A top priority is developing a strategic plan aimed at meeting goals and objectives over the course of two, five and 10 years. Alben noted that a copy of "Blue Ocean Strategy" from his CHDS days remains on his desk and will figure prominently into planning and project management.

Another applicable concept from CHDS is collaboration. In class students worked collectively on almost every classroom project and Alben envisions the same kind of approach with his command staff in addressing organizational issues and complex challenges, he said.

Collaboration will be crucial as Alben steers the State Police and as the department’s partners with other agencies to address homeland security.

Two events in 2011 underlined the importance of collaboration as a June tornado swept through Western Massachusetts and an atypical Halloween snowstorm strained law enforcement across the state. Forming relationships in advance of catastrophic events is critical to ensuring services are available.

"Having pre-existing and strong relationships between state and local jurisdictions and being able to quickly integrate them to provide critical security services in a disaster is important to success," Alben said. "I think there is an inherent sense of competition between the various levels of government that’s not always healthy. The Homeland Security Grant process itself, though providing critical equipment and training, also contributed to this competitive atmosphere between state government entities and locals."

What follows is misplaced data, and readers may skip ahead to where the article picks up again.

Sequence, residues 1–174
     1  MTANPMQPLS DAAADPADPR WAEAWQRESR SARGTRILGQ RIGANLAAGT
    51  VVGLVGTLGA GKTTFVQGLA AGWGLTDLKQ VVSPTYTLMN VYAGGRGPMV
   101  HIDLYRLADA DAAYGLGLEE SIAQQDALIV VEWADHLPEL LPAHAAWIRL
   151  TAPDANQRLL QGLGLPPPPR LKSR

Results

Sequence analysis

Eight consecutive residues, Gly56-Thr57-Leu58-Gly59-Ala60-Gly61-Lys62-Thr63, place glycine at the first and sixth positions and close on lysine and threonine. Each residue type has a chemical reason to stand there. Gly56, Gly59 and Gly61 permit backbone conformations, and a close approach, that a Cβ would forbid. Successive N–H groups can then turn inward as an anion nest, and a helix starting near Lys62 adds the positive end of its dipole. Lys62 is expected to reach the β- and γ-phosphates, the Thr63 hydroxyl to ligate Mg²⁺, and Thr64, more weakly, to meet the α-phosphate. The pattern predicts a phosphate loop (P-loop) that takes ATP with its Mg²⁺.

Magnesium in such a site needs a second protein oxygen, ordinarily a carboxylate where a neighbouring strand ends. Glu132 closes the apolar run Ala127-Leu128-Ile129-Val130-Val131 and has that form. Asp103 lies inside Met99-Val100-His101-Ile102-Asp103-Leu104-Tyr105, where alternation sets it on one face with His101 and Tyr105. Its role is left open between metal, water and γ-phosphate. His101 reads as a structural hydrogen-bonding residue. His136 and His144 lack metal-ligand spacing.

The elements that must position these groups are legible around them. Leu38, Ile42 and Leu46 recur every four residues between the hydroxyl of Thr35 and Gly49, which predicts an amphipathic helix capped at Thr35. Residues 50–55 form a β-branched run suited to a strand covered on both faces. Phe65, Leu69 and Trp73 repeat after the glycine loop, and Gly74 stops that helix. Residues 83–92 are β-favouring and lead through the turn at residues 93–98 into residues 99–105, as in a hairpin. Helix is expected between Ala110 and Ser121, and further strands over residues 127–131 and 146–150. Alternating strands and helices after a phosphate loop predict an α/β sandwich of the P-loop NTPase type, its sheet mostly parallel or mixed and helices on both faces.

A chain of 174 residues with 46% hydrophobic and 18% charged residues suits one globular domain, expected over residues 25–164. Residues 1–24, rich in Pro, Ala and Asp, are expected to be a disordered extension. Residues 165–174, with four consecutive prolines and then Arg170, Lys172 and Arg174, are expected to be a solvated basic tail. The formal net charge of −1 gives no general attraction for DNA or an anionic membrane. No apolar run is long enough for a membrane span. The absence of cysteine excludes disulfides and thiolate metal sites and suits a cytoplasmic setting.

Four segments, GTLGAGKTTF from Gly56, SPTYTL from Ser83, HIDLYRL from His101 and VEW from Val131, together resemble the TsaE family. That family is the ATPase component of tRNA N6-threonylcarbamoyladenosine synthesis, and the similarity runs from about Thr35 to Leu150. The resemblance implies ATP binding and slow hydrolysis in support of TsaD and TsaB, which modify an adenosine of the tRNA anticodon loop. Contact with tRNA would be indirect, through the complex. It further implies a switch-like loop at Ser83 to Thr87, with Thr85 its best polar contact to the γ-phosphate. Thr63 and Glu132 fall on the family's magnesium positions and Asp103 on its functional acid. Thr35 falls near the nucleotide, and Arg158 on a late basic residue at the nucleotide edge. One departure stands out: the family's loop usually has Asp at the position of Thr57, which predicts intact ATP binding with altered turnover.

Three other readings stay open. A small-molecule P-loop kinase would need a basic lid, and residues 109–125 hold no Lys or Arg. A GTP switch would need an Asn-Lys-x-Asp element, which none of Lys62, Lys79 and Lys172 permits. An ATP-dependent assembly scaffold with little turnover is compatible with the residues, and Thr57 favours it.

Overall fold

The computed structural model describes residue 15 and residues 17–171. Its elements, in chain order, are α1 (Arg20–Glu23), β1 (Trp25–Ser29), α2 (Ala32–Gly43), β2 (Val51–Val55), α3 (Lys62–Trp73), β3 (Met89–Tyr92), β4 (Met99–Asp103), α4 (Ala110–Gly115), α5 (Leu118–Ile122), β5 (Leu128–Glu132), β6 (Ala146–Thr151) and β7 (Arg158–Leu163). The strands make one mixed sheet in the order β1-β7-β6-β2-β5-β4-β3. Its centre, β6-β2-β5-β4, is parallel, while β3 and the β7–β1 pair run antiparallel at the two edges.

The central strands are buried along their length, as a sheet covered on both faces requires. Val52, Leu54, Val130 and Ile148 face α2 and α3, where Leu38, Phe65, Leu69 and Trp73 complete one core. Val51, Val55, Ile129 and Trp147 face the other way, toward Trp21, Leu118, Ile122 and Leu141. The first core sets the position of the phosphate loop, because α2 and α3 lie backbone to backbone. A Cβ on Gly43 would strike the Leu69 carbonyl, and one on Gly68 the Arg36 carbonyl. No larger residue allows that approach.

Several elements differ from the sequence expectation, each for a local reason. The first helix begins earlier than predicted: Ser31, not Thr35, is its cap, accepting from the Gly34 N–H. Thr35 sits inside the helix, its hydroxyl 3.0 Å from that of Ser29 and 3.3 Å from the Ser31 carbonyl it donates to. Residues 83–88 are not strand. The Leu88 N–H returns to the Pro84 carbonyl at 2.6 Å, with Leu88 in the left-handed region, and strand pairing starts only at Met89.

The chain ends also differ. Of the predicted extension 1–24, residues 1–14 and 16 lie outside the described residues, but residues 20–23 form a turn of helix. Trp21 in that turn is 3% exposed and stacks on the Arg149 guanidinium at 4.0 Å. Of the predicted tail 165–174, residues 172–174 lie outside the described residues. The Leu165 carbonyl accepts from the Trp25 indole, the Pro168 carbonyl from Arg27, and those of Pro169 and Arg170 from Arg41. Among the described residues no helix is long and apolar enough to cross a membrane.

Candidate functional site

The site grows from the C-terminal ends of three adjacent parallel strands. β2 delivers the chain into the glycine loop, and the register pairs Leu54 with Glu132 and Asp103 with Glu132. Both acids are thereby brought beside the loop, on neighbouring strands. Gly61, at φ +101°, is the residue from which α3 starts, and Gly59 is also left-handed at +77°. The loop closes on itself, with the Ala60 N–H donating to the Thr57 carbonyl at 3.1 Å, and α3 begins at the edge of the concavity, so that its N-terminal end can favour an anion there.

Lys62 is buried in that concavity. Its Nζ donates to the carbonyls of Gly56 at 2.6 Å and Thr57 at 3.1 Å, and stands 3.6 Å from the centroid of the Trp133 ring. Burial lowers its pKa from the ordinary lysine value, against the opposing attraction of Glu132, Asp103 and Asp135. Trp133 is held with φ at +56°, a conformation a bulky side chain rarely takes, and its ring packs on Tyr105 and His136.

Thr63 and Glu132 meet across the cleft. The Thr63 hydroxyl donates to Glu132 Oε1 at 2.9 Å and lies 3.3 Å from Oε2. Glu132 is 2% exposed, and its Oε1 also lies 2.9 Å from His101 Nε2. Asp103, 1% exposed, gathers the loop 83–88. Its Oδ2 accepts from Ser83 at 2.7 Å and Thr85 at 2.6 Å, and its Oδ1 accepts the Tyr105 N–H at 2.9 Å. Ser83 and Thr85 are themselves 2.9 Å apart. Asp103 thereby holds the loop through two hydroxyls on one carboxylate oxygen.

Among the top goals for the State Police is expanding the State Police Crime Laboratory, which provides forensic services for all state and local law enforcement in Massachusetts. Ensuring the lab has the proper resources and personnel to carry out that mission is critical.

"We’re looking to expand our facility in Maynard (Mass.) so that we can centralize some of the services that have been located across the state," Alben said. "In a similar vein, the crime lab maintains the Combined DNA Index System (CODIS) which categorizes and inventories the DNA profiles of convicted felons in Massachusetts. We’re working diligently to erase backlogs in collections, which are a national problem, to assist with solving future crimes."